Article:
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“A bank customer tried to take matters into his own hands as he fired close to half a dozen shots at an armed robber who was fleeing from a Sheridan Drive bank he had just robbed,” the Amherst police told WHAT?

The thief displayed a handgun and ordered the approximately 10 people in the bank, half workers and half customers, to put their hands up. He then demanded cash from the tellers. As the robber began to leave the area on foot after taking an undisclosed amount of money, the male customer followed him outside and fired four to six shots at him behind the bank, [Detective Capt. Enzio G.] Villalta and others said. No one inside the bank was injured, and police do not believe any of the customer’s shots hit the robber.

Let’s start with the last fact and work our way backwards . . .

At the risk of proffering a piercing glimpse into the obvious, there’s no point in carrying a firearm unless you can shoot what you’re aiming at. This is no easy feat—especially when you’re in a life or death situation. With adrenalin flooding your body, you have to aim properly (often at a moving target) and fire smoothly. The farther away your target, the more difficult it becomes. To fully master this murderous skill, you need a LOT of practice. And training. And more practice.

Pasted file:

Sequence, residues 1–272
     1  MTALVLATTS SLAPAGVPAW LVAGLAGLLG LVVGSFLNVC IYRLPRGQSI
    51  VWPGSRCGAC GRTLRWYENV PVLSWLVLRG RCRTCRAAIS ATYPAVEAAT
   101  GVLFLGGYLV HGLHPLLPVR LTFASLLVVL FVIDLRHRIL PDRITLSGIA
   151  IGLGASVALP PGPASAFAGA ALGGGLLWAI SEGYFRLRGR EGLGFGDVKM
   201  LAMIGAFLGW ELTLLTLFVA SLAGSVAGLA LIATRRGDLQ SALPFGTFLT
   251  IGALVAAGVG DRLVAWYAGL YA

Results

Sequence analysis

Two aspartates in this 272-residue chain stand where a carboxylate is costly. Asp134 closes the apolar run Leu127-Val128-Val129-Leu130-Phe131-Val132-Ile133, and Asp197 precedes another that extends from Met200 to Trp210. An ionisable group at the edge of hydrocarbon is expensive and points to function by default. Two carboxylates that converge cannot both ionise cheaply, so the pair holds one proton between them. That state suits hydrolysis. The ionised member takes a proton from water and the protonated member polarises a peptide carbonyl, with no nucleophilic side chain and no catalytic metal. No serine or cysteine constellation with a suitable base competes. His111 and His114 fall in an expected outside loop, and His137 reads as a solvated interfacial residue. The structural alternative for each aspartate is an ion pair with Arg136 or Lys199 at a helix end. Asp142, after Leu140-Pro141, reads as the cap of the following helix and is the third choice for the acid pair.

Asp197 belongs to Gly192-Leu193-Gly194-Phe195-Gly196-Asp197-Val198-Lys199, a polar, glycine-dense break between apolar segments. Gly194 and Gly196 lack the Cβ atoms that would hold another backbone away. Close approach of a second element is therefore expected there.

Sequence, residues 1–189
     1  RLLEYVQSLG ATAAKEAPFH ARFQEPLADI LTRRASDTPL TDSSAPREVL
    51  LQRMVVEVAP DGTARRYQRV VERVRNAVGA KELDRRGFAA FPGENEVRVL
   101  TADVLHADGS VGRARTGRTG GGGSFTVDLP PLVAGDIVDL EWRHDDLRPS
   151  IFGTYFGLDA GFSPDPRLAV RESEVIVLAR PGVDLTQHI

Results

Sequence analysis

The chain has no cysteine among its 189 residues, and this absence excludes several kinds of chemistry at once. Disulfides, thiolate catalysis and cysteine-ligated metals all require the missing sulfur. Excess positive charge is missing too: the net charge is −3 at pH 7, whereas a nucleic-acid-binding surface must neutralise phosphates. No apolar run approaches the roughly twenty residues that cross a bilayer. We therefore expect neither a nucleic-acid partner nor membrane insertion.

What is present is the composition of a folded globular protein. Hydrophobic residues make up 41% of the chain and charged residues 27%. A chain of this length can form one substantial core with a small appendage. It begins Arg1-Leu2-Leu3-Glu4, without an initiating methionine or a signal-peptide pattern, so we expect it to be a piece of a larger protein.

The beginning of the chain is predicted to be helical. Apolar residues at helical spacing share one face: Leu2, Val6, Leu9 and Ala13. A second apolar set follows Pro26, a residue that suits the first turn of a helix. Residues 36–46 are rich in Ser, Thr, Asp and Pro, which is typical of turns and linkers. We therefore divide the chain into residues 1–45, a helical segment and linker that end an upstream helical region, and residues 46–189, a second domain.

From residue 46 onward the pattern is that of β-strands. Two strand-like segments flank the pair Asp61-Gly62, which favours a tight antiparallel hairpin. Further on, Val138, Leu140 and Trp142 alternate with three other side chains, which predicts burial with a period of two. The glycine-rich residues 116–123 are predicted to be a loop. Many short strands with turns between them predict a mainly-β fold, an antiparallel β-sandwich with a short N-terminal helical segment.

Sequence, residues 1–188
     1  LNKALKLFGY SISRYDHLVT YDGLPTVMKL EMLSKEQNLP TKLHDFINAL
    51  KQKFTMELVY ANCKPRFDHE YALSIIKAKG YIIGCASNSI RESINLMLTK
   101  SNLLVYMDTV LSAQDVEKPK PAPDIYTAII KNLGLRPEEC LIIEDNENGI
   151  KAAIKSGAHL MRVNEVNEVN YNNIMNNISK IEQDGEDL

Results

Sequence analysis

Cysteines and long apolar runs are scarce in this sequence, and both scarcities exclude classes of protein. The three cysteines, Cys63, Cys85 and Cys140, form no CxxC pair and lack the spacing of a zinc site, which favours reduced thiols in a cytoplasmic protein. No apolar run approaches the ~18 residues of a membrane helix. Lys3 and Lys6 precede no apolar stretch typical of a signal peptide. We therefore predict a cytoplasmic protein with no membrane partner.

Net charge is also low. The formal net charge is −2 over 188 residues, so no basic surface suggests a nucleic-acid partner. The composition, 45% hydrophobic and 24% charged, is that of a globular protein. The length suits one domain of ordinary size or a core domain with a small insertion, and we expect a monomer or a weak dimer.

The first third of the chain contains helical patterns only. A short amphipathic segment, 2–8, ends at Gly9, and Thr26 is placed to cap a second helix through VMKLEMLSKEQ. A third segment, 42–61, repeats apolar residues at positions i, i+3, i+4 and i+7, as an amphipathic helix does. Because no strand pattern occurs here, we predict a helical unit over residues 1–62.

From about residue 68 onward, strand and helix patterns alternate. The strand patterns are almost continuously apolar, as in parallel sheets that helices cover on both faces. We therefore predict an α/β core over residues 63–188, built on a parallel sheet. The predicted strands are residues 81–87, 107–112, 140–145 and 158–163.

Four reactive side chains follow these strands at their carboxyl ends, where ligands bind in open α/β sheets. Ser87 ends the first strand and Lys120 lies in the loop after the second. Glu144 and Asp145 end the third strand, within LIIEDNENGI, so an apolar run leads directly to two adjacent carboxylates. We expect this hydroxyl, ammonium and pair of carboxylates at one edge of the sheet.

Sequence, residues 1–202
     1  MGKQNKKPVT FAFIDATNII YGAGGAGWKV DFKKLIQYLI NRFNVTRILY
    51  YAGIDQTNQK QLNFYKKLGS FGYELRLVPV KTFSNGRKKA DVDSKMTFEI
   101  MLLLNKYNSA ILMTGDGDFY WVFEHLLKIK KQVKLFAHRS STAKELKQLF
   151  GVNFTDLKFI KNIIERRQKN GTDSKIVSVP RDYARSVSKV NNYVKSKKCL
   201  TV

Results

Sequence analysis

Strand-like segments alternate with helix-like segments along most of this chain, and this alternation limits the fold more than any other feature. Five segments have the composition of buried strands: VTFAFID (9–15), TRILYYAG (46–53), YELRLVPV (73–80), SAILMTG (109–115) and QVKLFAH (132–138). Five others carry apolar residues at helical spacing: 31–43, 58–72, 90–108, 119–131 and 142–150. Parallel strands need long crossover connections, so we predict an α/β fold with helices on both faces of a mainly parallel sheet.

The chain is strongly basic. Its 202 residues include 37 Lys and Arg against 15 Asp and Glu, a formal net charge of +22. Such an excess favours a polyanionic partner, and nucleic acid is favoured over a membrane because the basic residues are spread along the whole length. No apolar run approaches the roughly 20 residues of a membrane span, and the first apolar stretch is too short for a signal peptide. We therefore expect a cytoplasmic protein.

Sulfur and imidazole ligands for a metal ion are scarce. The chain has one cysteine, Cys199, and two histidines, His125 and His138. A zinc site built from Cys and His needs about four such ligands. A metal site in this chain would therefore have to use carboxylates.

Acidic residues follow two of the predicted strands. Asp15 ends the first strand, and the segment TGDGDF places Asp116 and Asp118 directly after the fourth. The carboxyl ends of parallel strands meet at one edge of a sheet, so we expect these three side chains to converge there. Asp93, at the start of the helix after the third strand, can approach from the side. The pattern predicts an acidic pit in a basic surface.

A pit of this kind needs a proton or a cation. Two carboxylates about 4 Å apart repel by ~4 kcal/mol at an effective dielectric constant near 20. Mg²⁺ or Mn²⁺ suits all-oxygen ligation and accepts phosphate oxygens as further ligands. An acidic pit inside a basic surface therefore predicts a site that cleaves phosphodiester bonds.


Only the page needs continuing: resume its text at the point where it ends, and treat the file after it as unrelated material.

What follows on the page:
Note: this is not an argument for mandatory firearms training. There’s no getting around the fact that most CCW holders do not possess much in the way of practical firearms skills. But in many situations, not much skill is required. A woman about to be or in the process of being raped doesn’t need to be able to shoot the eye of a newt at twenty paces. And sometimes brandishing is all a CCW holder needs.

Besides, Americans have the right to bear arms. So . . . so be it. That said, this series is based on the idea that gun owners have responsibilities. While you could contend that shooting skills are an important part of that principle, I’d counter that knowing when to shoot is far more important for responsible gun ownership than well-honed marksmanship.

First and foremost, a responsible CCW holder must know the laws re: lethal force. Generally speaking, you can only draw a gun when your life or the life of an innocent third party is in imminent danger of death or grievous bodily harm. Although the Buffalo News article suggests it may be legal to fire at a fleeing felon in certain circumstances, I would hate to base a legal defense on any such technicality. You know; if I shot an innocent bystander.

Yes, there is that. To paraphrase Sgt. Callahan, a responsible gun owner’s gotta know his limitations. If you can’t hit squat beyond five feet, fair enough. Don’t shoot at a perp who’s beyond five feet—unless you have to. And if you have to, don’t—if there’s a chance that the bullets that miss your target could strike an innocent person.